From rockabilly to rock star: how Imelda May became one of Ireland's most interesting style icons

It’s been more than 10 years since Imelda May first came to public prominence.

It wasn’t until her second album Love Tattoo in 2008 that catapulted her to fame, made all the more captivating by her signature rockabilly style, a word she would bring to the forefront with her music and dress. Rockabilly is one of the earliest styles of rock n’ roll, dating back to the US in the 1950s, but this 33-year-old from Dublin’s Liberties was about to spearhead its resurgence.

Every time she performed on stage or hit the red carpet, there was the trademark quiff with blonde streaks, the rest of her hair styled into a low ponytail (and bun for more formal occasions) allowing her hair to make an entrance before her own arrival was registered. There was the endless array of vintage style fit and flare dresses, each bolder and brighter than the last; all the while she was maintaining a down-to-earth image by admitting to shunning high fashion designers in favour of charity shops.

She maintained this style even as her career began to take off internationally: soon, she was performing private gigs for legendary Irish designer Roberto Cavalli and became only the second Irish act to perform at the Grammys in 2010 (following in U2’s footsteps).

But a long-lasting career requires mastering the perfect balancing act between familiarity and enough change to keep fans interested. And the biggest change in her personal life – the end of her marriage to husband of 13 years Darrel Higham in 2015 was the catalyst for her public transformation.

In 2016, Imelda, like many women before her, she washed that man out of her hair when the relationship ended. Gone was the quiff that had supported her for so many years and in was choppy fringe haircut, reflective of the change in sound for her latest album, a break-up themed anthem in which she documented the highs and lows of her impending divorce.

At the Brit Awards that year, she made her first red carpet appearance with her new look – a bespoke black tuxedo, confidently posing and clutching a glitter ‘Dress Like a Woman’ clutch. Her shaggy hair was a delightful antedate to her otherwise tailored ensemble and a sign that she was committed to playing by her own style rules.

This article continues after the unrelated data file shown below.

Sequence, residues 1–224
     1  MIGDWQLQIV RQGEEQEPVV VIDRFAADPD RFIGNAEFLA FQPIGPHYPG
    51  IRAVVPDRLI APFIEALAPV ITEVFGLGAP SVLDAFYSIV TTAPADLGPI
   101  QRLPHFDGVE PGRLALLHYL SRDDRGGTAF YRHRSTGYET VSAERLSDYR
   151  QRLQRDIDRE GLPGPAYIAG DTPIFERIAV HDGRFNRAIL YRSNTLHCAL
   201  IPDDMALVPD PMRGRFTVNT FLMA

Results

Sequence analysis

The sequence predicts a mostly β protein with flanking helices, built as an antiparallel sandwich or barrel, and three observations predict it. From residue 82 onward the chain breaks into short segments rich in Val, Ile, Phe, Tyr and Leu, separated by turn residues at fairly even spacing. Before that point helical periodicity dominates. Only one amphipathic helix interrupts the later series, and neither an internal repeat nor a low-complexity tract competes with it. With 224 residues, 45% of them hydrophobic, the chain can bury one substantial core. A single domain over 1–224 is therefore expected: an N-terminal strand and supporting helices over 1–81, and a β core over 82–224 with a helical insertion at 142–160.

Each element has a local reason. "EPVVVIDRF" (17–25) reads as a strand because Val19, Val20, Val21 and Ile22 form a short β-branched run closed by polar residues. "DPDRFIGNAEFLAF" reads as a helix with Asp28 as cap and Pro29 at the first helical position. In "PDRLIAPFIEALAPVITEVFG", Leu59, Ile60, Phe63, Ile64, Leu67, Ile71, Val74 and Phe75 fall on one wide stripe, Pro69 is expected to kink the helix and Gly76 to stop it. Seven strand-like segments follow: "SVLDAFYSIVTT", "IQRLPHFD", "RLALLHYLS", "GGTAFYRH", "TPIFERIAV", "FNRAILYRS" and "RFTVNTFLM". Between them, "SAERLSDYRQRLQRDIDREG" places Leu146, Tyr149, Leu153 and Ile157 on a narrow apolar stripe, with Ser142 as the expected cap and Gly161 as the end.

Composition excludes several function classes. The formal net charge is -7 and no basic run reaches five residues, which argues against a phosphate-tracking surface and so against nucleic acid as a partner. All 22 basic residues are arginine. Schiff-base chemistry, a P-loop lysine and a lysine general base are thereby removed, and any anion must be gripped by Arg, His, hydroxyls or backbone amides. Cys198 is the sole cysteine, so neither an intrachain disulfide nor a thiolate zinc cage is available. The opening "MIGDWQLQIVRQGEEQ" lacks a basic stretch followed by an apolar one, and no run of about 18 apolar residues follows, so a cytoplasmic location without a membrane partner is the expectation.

Her commitment to suiting would be repeated a number of times over the next two years, most recently at Royal Ascot on Tuesday, allowing her to showcase the quiet confidence that has brought her so much career success.

Among the sea of bright reds, floaty prints, feathered sleeves and delicate headwear, Imelda stood all her own in a bespoke tuxedo by British designer Joshua Kane and a striking wide brim black hat by Victoria Grant, echoing Cara Delevingne’s chic turn in a black suit and top hat as she attended Princess Eugenie’s wedding last October.

While Meghan Markle, Blake Lively and Lady Gaga have embraced the feminine take on this masculine trend over the last 12 months, Imelda was an early adopter.

Her on-stage looks took a sexier turn as she debuted sparkling mini-dress after mini-dress and was pictured in little else than black skinny jeans and leather jacket in her downtime. 

For the The Ireland Funds Annual Winter Ball at The Globe Theatre in London in 2017, she embraced a softer approach in the form of a sleeveless jumpsuit, exuding the same kind of forward-thinking eye for fashion she always had. Months later, the wide leg trousers she debuted that evening would be hard to miss in shops and in celebrity styling.

Part of the joy that comes with watching May’s fashion evolution is the seeming randomness of it: she rarely makes public appearances and when she does, the biggest thrill is the surprise. In a world where every move and outfit is choreographed within an inch of its life, we could use more women like Imelda May.

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